With support from the U.S. Department of Homeland Security through the Maine Emergency Management Agency, the Town of Scarborough, Maine, is undertaking the ambitious project of building and maintaining the resilience of its citizens. The community will work closely with Maine Resilience, a program of Alpha One, the Independent Living Center for the State of Maine.
The project’s goal over the next two years is to expand and strengthen community preparedness by teaching the skills and the attitudes of resilience that create mental toughness and the ability to bounce back from adversity.
The Town, in collaboration with Maine Resilience, is implementing a train-the-trainer program for the employees and citizens of Scarborough. This program seeks to develop and train individuals and groups in skills of personal preparedness and resiliency that will enable them to respond to natural or manmade disasters, traumatic events, and other adversarial situations.
Scarborough town and school department personnel and community members will develop a network of trainers who are committed to learning and sharing the knowledge, skills, attitudes, and strategies necessary to assist with coping and managing hardship and traumatic encounters.
What is Resilience?
Resilience is the process of coping with and managing tragedy and crisis. It is “bouncing back” from hard times, whether these be national disasters, such as the current financial crisis, a hurricane, or a terrorist attack or personal disasters such as bankruptcy, divorce, or the death of a loved one. Research since 9/11 suggests that resilience may be much more common than we thought.
Resilience is not inherited, but learned. Whether we believe that there will be another 9/11-like event, we would all agree that there will be natural disasters and probably no shortage of them. Hurricanes, ice storms, floods, and tornadoes are likely to be more frequent in the immediate future. And life has no shortage of personal disasters. The current recession has touched everyone. Death and taxes come to us all. We know, through research, that the skills and attitudes of resilience, mental toughness, can be learned and applied and can assist individuals in adapting to and surviving difficult times.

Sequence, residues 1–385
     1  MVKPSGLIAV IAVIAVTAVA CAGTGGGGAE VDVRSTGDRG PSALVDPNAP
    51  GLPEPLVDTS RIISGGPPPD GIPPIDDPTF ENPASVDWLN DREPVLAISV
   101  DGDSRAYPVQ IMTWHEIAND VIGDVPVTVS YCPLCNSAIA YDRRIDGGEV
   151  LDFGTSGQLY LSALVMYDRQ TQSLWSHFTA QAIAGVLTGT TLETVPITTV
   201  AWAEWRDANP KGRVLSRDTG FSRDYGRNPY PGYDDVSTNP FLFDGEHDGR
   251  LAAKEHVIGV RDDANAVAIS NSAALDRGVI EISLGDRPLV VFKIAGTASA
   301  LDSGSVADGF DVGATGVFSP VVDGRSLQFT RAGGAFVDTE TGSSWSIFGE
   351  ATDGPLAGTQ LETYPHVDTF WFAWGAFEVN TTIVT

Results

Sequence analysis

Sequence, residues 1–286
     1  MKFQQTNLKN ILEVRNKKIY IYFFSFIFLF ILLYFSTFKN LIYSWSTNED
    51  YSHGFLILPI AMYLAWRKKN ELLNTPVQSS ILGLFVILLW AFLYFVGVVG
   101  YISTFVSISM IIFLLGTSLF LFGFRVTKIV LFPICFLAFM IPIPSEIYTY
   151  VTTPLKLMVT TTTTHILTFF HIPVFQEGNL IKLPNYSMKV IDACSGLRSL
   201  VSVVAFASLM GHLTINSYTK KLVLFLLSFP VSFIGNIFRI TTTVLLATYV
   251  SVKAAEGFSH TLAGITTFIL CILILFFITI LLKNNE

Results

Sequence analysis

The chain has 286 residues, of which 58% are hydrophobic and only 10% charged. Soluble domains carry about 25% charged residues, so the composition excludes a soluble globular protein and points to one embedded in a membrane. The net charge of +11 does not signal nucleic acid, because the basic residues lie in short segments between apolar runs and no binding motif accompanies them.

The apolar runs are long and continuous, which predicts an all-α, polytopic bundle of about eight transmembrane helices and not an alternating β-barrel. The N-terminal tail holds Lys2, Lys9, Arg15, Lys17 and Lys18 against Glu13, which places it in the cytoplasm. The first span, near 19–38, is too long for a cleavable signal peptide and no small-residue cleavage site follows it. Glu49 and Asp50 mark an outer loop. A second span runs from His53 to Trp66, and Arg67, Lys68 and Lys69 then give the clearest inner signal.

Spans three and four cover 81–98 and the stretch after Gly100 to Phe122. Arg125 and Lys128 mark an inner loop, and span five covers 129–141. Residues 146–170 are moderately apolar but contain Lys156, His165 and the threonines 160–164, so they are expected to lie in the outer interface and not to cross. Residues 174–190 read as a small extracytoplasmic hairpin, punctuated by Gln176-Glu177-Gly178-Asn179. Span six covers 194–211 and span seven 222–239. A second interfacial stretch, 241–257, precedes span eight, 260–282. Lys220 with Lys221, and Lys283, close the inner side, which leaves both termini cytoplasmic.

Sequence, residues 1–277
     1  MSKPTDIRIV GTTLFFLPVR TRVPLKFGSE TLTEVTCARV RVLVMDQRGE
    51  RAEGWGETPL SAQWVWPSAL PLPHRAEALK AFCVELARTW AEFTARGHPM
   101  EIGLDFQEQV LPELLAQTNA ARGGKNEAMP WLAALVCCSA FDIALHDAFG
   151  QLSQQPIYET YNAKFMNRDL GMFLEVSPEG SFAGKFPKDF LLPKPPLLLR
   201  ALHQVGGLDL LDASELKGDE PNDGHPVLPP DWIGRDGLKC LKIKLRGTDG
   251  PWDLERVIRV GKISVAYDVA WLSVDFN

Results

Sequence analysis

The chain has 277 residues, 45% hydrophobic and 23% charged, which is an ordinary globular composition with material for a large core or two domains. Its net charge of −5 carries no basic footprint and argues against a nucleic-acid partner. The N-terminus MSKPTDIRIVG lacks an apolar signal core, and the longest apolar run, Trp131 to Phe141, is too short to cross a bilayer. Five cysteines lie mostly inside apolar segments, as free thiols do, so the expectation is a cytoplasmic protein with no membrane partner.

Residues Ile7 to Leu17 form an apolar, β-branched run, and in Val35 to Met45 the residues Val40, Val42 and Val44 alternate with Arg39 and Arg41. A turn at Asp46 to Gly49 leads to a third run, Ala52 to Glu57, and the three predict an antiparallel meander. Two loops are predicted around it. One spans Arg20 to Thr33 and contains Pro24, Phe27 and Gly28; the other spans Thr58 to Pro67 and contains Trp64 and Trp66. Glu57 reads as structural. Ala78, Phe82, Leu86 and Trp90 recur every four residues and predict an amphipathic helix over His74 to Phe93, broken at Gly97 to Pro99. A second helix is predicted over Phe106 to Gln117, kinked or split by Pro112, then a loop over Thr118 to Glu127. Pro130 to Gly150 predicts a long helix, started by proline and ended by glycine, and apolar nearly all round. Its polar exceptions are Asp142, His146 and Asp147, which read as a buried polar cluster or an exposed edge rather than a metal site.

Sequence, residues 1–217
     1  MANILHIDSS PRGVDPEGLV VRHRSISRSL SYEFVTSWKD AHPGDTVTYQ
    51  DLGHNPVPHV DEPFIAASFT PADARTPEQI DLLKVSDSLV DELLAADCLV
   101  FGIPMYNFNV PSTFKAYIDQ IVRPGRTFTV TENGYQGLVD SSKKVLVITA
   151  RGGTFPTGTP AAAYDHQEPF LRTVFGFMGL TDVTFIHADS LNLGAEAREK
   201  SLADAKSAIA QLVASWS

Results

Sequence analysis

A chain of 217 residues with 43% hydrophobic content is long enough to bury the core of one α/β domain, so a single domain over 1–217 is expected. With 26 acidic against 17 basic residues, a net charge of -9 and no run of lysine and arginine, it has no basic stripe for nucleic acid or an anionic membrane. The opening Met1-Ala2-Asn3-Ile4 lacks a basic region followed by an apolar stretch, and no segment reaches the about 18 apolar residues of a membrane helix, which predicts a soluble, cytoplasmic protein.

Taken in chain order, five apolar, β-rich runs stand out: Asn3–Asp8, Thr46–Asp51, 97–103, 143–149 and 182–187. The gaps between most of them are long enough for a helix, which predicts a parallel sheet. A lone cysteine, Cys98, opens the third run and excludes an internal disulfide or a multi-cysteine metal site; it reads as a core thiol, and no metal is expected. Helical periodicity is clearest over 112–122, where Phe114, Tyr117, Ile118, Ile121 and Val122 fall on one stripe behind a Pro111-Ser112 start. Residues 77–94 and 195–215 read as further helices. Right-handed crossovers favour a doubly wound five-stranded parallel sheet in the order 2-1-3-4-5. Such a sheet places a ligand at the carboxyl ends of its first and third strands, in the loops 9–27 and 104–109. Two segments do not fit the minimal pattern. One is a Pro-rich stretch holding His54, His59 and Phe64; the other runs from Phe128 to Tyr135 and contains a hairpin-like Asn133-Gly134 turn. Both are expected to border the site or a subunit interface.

Studies show that training in resilience may reduce the frequency and intensity of post-traumatic stress disorders. Dr. Martin E. P. Seligman, a psychologist, and director of the Positive Psychology Center at the University of Pennsylvania and his colleagues have developed and are now implementing a program of training for the U.S. Army. Similar training may allow our society and the individuals and families affected directly by a disaster to recover more quickly and completely. Just as we know that reinforcing a bridge may make it stronger and less likely to be washed away by a flood, we now know that reinforcing an individual’s coping skills, their resilience, can make it less likely that they will be overwhelmed, washed away, in the same flood.